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Putin orders ‘large-scale’ COVID-19 vaccination in Russia with locally made vaccine

Russian President Vladimir Putin
Russian President Vladimir Putin attends a meeting via video conference Wednesday.
(Alexei Nikolsky / Kremlin Pool Photo)

Russian President Vladimir Putin has ordered a “large-scale” COVID-19 immunization campaign to start by late next week, with doctors and teachers set to be first in line to get a Russian-designed vaccine that has yet to complete the advanced studies needed to ensure its effectiveness and safety in line with established scientific protocols.

Putin’s action Wednesday came hours after Britain became the first country in the West to authorize the use of a COVID-19 vaccine, one developed by Pfizer and Germany’s BioNTech.

Russia touted its domestically developed vaccine, Sputnik V, as the world’s “first registered COVID-19 vaccine” after the government gave it regulatory approval in early August. However, giving the shots the go-ahead drew considerable criticism from experts, because at the time the Sputnik V had been tested on only several dozen people.

The Russian leader said at the time that the early vaccine recipients included one of his daughters.

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Putin said Wednesday that more than 2 million doses of the Sputnik V shot have “been produced or will have been produced in the next few days.”

“This gives us the opportunity to start ... large-scale vaccination, and of course, as we agreed, first of all of the two risk groups — doctors and teachers,” Putin told government officials. He tasked Deputy Prime Minister Tatyana Golikova to “organize the work in such a way so that large-scale vaccination starts by the end of next week.”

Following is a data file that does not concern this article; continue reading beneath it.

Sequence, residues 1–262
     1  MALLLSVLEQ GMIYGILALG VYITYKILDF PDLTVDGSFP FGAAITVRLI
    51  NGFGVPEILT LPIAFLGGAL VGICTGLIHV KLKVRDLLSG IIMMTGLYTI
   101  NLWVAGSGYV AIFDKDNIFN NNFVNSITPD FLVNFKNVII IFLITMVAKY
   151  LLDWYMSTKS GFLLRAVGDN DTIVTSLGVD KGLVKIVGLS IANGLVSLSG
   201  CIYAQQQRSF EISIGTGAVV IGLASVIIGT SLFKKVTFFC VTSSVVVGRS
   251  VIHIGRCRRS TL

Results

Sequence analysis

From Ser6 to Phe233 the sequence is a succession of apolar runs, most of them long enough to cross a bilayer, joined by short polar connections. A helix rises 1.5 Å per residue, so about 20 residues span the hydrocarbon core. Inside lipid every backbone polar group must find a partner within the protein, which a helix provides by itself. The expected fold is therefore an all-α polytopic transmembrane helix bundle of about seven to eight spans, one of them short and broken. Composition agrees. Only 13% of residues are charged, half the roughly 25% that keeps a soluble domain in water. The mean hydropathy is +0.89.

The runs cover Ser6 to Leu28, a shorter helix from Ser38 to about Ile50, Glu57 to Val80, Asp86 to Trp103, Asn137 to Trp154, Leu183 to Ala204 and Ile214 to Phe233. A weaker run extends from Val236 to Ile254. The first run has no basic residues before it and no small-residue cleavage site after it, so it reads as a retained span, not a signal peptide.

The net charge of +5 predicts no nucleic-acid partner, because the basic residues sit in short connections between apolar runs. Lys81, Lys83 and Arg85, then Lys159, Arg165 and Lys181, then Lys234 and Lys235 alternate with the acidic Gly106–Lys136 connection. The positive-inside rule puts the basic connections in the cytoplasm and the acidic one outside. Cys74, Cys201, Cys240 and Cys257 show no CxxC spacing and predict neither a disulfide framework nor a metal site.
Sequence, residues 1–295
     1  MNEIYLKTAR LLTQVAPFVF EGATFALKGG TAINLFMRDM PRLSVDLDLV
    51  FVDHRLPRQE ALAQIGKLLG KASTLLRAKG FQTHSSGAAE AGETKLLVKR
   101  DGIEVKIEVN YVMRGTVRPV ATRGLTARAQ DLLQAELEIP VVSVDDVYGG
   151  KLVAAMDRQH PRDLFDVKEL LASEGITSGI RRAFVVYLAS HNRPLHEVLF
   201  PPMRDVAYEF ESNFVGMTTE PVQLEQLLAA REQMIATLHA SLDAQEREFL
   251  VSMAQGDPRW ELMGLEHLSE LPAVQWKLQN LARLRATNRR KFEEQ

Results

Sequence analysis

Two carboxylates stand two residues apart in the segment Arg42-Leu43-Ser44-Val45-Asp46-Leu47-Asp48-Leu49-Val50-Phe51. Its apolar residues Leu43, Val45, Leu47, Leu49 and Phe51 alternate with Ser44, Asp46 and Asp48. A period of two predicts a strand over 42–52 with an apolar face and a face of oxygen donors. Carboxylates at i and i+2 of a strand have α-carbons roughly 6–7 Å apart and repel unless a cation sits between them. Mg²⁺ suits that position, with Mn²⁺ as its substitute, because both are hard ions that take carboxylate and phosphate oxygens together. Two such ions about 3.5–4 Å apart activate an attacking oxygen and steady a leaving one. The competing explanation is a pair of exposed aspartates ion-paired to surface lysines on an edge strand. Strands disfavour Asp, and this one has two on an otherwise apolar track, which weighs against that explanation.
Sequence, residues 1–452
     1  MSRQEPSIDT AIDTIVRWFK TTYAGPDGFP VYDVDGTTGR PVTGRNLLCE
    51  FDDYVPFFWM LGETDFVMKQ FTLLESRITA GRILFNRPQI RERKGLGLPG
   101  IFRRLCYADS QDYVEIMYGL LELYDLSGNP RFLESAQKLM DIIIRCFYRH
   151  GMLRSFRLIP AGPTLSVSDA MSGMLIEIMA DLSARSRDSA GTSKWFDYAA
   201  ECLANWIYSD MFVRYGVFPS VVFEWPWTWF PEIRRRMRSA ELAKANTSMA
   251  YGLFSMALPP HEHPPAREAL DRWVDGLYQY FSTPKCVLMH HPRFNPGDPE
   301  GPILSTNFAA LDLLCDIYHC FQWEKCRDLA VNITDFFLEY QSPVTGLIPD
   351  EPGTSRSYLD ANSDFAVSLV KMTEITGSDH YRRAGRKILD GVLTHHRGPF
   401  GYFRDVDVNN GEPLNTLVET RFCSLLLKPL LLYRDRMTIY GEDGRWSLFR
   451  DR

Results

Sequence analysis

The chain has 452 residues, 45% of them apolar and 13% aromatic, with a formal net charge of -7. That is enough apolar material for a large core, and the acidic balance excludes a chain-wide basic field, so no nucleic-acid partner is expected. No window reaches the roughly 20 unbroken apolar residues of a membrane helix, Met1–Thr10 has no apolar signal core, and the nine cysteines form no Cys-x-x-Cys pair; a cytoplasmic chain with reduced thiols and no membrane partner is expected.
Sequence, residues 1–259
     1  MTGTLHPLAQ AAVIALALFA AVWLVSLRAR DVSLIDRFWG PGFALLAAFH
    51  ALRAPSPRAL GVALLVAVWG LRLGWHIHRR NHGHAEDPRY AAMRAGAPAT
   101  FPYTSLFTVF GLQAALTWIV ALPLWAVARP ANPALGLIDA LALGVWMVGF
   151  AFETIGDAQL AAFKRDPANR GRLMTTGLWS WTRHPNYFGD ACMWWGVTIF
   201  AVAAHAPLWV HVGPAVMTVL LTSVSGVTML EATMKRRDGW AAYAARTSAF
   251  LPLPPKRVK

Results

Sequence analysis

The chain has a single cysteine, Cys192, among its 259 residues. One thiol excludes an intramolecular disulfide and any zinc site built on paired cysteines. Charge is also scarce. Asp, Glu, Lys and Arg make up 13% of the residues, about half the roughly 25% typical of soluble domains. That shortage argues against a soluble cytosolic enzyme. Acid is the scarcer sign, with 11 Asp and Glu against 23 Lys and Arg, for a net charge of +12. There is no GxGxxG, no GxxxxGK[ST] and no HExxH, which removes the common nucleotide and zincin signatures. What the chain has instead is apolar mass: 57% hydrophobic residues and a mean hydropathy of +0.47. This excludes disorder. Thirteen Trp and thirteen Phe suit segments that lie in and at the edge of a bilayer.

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Golikova said that the shots would be voluntary and free of charge, and that the government was looking to include other demographic groups in the vaccination campaign.

The two-shot Sputnik V vaccine was developed by the Moscow-based Gamaleya Institute. An advanced study among 40,000 volunteers was announced two weeks after the vaccine received government approval. The trial is still ongoing.

But the vaccine is already being offered to people in high-risk groups such as medical workers, despite expert warnings against its wider use before all the necessary testing is done. Several high-profile officials have said they received shots.

Health Minister Mikhail Murashko said Wednesday that more than 100,000 people in Russia have been given the shots.

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Kirill Dmitriyev, head of the Russian Direct Investment Fund that bankrolled Sputnik V’s development, added that about 25,000 people have been vaccinated with both doses of the vaccine “as part of a clinical trial now.” Dmitriyev said that outside of the trial, the vaccine was offered to “volunteers” among medical workers “because we wanted to protect our front-line personnel first.”

Last month, developers of the vaccine said interim analysis of trial data showed it was 91.4% effective.

Dmitriyev said Wednesday that developers of the vaccine have applied to the European Medicines Agency to get Sputnik V approved for use in Europe, and submitted applications in other countries.

“We understand that it may take some time, but we concurrently, you know, have applied for approval in 40 different countries and we are working very closely with regulators in all of those countries,” Dmitriyev said.

It could be a while before U.S. efforts to develop coronavirus vaccines benefit the developing world. China and Russia are trying to fill the void.

Dmitriyev said last month that more than 1 billion doses of the vaccine were expected to be produced next year outside Russia. Putin’s spokesman, Dmitry Peskov, however, stressed Wednesday that vaccinating Russians “will be the absolute priority.

Russia’s total of more than 2.3 million confirmed cases is currently the fourth-largest caseload in the world. On Wednesday, officials reported 25,345 new cases.


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